Trump’s contribution to his win was saying “Whatever it takes, Steve. Okay, Kellyanne.” And you know that in order to get Trump to listen, Bannon and Conway had to play politics on their boss. Had Trump been really involved in his political success, he’d have learned something from his campaign beyond “Hold rally, get cheers, get big cheer, say it again.”
At the beginning of Trump’s reign, there was lots of talk about how the guy is a political natural, a master communicator, and a strategic genius. The Trump delusion wasn’t exclusive to Trumpies, but active in the media and among Democrats and the Left. America was compensating, trying to figure out how such an obvious bozo, a person with no moral center or intellectual chops, a racist and misogynist and plain miserable person, could be president of our country. If electing Obama made us good, smart people, how do we explain Trump? Are we really that stupid? Perhaps Trump is a genius. Maybe he pulled on over on us! Uh no.
This is politics. No one has to be a genius to win or an idiot to lose. To win, sometimes you put work in, other times you just need to show up. Sometimes you put things in place to succeed, other times you ride flukes and luck. And sometimes there is such a combo platter of stuff that the only immediate explanation is “I guess shit just happened.” Trump is the shit that happened.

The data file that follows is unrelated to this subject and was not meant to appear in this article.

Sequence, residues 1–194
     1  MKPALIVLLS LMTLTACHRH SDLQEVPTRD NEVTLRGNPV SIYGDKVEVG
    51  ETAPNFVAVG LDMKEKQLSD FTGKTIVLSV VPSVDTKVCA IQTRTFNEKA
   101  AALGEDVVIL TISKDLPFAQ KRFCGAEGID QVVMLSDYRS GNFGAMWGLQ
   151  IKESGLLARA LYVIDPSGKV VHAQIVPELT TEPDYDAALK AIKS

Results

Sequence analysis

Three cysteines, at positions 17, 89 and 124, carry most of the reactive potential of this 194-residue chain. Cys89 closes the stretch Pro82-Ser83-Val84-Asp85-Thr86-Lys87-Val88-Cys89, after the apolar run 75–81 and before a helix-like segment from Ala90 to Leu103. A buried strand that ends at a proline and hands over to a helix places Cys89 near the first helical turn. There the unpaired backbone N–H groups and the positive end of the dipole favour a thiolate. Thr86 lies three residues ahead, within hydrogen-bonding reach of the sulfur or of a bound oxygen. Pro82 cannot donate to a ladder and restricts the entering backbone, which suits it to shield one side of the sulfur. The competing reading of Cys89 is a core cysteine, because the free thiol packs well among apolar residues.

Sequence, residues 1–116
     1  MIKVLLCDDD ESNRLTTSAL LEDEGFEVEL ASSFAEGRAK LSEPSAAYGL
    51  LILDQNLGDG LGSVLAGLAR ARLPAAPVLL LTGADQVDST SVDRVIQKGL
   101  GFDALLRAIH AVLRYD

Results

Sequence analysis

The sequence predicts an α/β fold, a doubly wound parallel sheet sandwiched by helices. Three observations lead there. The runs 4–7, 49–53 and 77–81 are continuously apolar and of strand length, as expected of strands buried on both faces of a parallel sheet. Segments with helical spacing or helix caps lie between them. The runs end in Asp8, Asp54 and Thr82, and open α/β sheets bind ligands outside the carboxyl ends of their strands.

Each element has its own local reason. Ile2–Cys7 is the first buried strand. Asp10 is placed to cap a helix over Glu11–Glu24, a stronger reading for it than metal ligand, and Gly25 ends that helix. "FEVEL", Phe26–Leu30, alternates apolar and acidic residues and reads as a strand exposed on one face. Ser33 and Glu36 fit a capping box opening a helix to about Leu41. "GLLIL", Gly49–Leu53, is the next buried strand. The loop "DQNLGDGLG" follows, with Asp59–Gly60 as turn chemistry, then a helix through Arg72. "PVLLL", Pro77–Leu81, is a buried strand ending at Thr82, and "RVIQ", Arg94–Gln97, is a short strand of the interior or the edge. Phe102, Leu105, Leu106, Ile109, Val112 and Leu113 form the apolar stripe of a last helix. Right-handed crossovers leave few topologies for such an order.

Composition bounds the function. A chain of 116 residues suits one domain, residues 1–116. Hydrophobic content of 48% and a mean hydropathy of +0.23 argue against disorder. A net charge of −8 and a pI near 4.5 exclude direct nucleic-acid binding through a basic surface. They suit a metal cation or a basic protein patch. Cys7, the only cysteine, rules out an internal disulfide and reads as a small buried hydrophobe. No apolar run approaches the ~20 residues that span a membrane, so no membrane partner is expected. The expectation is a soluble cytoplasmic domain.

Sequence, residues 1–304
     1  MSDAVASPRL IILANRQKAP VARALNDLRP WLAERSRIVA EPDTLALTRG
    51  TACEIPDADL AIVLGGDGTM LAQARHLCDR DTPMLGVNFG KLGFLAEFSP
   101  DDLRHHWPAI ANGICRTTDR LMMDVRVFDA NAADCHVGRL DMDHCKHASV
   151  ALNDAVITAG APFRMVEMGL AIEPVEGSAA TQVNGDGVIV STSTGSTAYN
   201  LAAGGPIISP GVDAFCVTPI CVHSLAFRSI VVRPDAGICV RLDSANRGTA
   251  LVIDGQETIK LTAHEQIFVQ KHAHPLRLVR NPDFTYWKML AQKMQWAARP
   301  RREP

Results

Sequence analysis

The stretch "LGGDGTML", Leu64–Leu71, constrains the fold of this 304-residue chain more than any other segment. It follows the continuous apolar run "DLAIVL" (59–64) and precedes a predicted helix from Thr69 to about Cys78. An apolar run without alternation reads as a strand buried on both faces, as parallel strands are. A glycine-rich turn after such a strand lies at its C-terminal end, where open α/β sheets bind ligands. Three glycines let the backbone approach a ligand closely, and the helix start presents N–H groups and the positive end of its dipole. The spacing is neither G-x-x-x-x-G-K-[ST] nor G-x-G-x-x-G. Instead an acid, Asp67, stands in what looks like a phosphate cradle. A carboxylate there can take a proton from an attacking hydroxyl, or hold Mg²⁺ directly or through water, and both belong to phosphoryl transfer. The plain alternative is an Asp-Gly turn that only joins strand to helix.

Unfortunately, our bad practice of instant
analysis doesn’t allow for the time it takes to do a deep autopsy, so we go
with simple explanations such as “Trump genius” and, soon, that
becomes conventional wisdom. We defer to that “wisdom” and make
excuses for Dear Leader (and ourselves). Trump says something outrageously
stupid and everyone
spins: Trump is telling it like it is, Trump is speaking for the common man,
Trump is playing 4-D chess, Trump is owning the libs, Trump is distracting,
Trump is gaslighting…or, maybe, we put on the glasses and admit that Trump is
A day after the president recommended that people inject disinfectant and roast themselves with ultraviolet rays, it is obvious that Trump is an idiot, but for over three years, many people fought that conclusion. All that time wasted debating Trump’s intelligence and strategic competence! All the behind-the-scenes exposes of Trump as erratic, uninterested, inept, narcissistic, overly sensitive, chaotic, deluded, lazy, incompetent, dull, aliterate and very much over his head! Really, it isn’t like we didn’t know this.
Our refusal to name Trump as Trump is denial. For some, denial is inward, there to protect ourselves from needless self-recrimination. For others, denial is cynically projected outward, a con to convince us to bow or back off. And, for a select group, the denial is aimed at Trump and themselves, a combination of cynicism and self-preservation, greed and self-delusion – or – sickly syrup smothers on a buffet of shit sandwich.